The latest update from the National Redress Scheme (NRS) in Australia which was published last week advises that on 18 April 2019, the following institutions joined the Scheme:
- Benedictine Community of New Norcia
- Child and Family Services Ballarat (CAFS)
- Scouts Tasmania
- Yeshivah-Beth Rivkah Schools
The fifth group of Anglican organisations have also joined, represented by Anglican Representative Limited. They are:
- Anglican Diocese of Armidale
- Anglican Diocese of Canberra and Goulburn
- Anglican Diocese of Wangaratta
- Anglicare North Queensland
- Anglicare Victoria
A significant focus of the Royal Commission (RC) in Australia in the national inquiry in connection with child abuse was religious organisations. Given the results of the RC and of other similar inquiries, it is not surprising that IICSA has announced an investigation looking at child abuse and religion, this being in addition to the two current investigations into abuse in the Roman Catholic and Anglican churches.
The provision of financial redress for victims and survivors of abuse is never easy and there is no system which is satisfactory to all. In a series of blogs to be published this week, we consider the latest schemes and update on how they are progressing.
A rally for survivors and their supporters took place in Melbourne on Sunday the 31 March 2019, amid calls for the National Redress Scheme (the scheme) to be changed.
On the 19 June the Australian Parliament passed legislation to establish the National Redress Scheme for survivors of institutional child sexual abuse, ensuring the scheme can begin on 1 July 2018. Continue reading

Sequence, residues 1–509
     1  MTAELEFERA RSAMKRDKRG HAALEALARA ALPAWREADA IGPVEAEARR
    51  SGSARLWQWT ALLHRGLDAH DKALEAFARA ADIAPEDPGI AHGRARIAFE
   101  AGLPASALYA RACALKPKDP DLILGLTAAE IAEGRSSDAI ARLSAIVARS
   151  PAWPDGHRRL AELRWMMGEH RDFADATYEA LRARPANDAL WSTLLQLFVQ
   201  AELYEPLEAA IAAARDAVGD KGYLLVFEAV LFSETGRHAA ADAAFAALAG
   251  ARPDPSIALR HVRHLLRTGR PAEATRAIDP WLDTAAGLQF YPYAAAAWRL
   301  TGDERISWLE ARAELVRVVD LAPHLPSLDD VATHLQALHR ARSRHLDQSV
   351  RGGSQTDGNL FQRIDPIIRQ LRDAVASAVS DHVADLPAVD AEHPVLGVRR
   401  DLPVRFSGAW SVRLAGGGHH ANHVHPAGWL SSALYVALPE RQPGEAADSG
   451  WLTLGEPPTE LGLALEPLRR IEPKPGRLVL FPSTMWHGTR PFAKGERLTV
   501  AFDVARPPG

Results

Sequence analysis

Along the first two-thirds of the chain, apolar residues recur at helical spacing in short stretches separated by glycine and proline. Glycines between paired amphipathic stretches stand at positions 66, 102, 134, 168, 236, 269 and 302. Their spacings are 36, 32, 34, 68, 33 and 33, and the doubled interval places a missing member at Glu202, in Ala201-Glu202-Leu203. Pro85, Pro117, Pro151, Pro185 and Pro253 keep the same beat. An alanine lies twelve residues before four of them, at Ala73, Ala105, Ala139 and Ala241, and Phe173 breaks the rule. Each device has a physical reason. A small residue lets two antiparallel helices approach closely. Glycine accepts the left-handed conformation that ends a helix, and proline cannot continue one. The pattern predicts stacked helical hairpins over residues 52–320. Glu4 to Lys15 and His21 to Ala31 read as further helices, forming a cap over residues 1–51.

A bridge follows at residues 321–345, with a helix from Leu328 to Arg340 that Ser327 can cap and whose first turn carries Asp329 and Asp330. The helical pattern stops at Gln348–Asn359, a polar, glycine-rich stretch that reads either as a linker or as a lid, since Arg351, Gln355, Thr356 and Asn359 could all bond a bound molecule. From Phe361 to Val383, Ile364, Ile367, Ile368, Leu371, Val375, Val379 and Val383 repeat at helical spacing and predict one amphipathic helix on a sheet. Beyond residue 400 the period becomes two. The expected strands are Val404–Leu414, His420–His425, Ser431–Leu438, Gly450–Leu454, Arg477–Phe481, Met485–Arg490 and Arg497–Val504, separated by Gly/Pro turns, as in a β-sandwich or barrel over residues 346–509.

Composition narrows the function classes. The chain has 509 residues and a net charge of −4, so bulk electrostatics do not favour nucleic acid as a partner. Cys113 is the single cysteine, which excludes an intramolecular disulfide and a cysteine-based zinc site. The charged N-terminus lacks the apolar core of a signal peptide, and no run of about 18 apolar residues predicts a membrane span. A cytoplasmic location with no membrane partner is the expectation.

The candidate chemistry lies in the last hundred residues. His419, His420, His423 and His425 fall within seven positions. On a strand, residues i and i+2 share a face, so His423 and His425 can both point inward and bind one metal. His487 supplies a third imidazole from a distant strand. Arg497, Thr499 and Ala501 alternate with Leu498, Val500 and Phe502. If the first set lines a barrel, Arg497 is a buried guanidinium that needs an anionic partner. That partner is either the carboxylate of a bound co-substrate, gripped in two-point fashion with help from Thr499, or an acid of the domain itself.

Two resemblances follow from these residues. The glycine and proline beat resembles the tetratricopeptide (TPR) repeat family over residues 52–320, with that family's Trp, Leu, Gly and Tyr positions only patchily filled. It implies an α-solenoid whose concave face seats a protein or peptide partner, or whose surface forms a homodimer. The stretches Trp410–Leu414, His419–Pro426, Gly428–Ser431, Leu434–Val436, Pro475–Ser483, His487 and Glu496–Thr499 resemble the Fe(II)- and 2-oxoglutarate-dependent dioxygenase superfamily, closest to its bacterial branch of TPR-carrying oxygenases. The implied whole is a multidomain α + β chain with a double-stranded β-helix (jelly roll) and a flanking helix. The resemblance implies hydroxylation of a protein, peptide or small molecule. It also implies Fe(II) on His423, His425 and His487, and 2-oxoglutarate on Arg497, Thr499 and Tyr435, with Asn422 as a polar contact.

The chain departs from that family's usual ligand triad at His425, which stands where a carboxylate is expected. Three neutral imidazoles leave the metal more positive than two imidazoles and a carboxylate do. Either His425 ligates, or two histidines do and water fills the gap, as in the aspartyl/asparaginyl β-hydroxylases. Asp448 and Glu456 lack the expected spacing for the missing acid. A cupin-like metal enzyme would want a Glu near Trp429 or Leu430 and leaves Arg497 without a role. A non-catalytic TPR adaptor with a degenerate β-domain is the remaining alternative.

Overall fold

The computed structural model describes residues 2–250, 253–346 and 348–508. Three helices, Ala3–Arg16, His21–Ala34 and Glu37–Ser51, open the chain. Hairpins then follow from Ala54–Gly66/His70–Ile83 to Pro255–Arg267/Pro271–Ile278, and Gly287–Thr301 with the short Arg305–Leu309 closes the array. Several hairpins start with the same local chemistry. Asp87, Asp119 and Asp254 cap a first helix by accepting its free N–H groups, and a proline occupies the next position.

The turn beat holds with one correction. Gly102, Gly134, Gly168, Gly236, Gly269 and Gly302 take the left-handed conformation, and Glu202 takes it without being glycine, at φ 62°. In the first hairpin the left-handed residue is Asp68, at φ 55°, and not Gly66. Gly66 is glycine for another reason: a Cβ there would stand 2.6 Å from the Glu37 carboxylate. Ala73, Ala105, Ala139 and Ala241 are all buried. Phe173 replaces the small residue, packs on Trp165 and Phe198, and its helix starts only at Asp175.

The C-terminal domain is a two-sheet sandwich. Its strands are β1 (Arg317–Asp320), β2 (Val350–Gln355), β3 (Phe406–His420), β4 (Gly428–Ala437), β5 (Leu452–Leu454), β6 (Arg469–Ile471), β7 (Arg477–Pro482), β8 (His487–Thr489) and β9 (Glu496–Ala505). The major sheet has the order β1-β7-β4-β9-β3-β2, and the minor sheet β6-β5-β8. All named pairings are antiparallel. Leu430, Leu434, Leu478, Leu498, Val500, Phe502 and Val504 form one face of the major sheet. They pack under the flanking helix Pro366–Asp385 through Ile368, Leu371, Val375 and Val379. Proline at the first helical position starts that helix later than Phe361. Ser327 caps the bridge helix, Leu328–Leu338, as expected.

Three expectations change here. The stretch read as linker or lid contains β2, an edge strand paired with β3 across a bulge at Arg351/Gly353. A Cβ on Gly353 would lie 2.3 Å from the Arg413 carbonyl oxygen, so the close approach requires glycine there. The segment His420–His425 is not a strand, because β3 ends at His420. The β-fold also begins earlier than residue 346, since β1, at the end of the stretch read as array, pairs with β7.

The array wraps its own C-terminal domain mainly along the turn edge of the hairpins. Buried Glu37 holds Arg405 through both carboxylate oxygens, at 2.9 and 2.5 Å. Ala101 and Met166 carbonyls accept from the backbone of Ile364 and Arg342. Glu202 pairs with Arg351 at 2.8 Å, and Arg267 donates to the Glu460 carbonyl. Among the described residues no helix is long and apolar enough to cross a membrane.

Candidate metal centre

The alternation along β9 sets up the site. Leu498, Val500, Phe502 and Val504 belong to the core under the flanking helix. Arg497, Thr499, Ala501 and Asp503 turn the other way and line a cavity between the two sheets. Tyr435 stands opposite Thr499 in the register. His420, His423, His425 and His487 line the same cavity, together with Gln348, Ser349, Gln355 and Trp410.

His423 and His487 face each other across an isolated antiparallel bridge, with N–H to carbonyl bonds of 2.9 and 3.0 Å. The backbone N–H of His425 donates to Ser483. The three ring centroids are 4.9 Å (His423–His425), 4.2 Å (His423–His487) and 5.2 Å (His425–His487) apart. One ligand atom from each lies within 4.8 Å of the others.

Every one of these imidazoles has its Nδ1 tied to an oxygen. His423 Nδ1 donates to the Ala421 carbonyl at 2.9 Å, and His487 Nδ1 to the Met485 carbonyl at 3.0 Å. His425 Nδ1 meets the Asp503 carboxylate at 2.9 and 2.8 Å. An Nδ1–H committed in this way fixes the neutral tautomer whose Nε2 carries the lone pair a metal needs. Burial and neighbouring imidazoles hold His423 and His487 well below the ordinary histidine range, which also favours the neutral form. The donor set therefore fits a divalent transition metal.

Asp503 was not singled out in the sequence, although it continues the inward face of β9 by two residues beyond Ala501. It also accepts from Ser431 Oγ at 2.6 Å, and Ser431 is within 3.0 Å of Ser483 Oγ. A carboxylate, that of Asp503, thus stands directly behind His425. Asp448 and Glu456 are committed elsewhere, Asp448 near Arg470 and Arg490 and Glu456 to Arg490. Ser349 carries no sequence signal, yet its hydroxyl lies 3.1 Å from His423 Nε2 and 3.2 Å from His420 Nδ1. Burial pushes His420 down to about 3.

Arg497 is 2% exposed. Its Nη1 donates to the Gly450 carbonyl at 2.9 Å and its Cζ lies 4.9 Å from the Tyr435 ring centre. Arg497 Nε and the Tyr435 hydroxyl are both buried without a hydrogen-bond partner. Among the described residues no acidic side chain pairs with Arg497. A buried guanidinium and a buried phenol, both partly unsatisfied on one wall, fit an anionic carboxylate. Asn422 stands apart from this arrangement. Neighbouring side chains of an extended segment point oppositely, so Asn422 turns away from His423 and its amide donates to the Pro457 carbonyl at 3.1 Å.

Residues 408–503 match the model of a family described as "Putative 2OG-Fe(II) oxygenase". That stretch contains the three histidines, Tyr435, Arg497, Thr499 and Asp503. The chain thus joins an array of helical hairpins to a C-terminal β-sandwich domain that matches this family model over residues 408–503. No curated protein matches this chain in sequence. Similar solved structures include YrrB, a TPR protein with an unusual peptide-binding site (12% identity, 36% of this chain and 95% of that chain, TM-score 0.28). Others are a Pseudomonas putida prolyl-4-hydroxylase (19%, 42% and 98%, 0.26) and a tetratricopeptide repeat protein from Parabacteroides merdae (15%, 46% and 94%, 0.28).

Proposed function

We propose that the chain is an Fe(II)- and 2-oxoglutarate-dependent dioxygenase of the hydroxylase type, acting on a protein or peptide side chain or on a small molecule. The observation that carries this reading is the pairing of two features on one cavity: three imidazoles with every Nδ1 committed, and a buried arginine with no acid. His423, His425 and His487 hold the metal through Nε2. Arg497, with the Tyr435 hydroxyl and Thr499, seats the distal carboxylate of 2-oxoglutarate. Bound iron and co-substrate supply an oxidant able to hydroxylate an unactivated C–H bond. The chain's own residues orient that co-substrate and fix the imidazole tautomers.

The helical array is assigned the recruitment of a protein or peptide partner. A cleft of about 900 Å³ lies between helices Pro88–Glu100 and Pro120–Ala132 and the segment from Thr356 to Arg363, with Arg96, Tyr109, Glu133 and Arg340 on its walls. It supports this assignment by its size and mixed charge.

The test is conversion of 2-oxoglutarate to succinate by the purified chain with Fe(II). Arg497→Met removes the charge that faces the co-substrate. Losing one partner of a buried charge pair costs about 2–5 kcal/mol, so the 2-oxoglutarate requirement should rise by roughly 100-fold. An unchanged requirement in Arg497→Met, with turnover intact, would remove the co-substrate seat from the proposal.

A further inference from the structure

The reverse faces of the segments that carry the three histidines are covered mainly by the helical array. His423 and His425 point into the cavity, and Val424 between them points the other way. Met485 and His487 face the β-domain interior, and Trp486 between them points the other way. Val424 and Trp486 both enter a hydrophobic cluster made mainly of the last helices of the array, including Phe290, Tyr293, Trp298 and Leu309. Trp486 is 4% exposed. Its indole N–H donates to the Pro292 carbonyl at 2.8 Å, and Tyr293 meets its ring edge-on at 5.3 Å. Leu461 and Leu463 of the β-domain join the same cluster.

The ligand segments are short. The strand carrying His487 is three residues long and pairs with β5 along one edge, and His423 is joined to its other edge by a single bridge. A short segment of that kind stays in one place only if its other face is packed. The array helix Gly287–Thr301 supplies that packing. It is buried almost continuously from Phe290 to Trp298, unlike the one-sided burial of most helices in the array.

On the 10th May, 2018 the National Redress Scheme (the Scheme) legislation was introduced to the Parliament for Australia. This legislation replaces the Commonwealth legislation previously introduced and this allow for States and territories that join the Scheme to participate under law. Continue reading
Western Australia is the latest state to introduce laws which will enhance the prospects of success for claimants’ bringing claims for damages arising out of non-recent sexual abuse. Following the lead of all other states, apart from South Australia, legislation has just been enacted that will abolish the 6 year limitation period. The recently concluded Royal Commission found that on average an individual waited 22 years to disclose their abusive experiences The changes being introduced also provide a legal basis for suing institutions in the name of their current office holders and include provisions designed to overcome difficulties survivors may face in identifying a correct defendant. Continue reading
IICSA is now moving forward rapidly and in so doing answering some of the past criticisms about how long it will take and whether it is cost effective. Its first report regarding child migration was important but in many ways confirmed what was known from earlier reports and addressed something which no longer occurs. The second report, which is to be published on 12 April, addresses matters which are still very much part of everyday life for many people. This report relates to abuse in connection with Cambridge House Boys’ Hostel, Knowl View School and Rochdale Borough Council. Whilst with any report there will be parts which are very specific to the organisations, people or locality which the investigation focused upon, the themes and recommendations are likely to be of relevance to a much wider audience. As with the reports of the Royal Commission in Australia they will however only be of value if they are put in to practice and not left to gather dust. Continue reading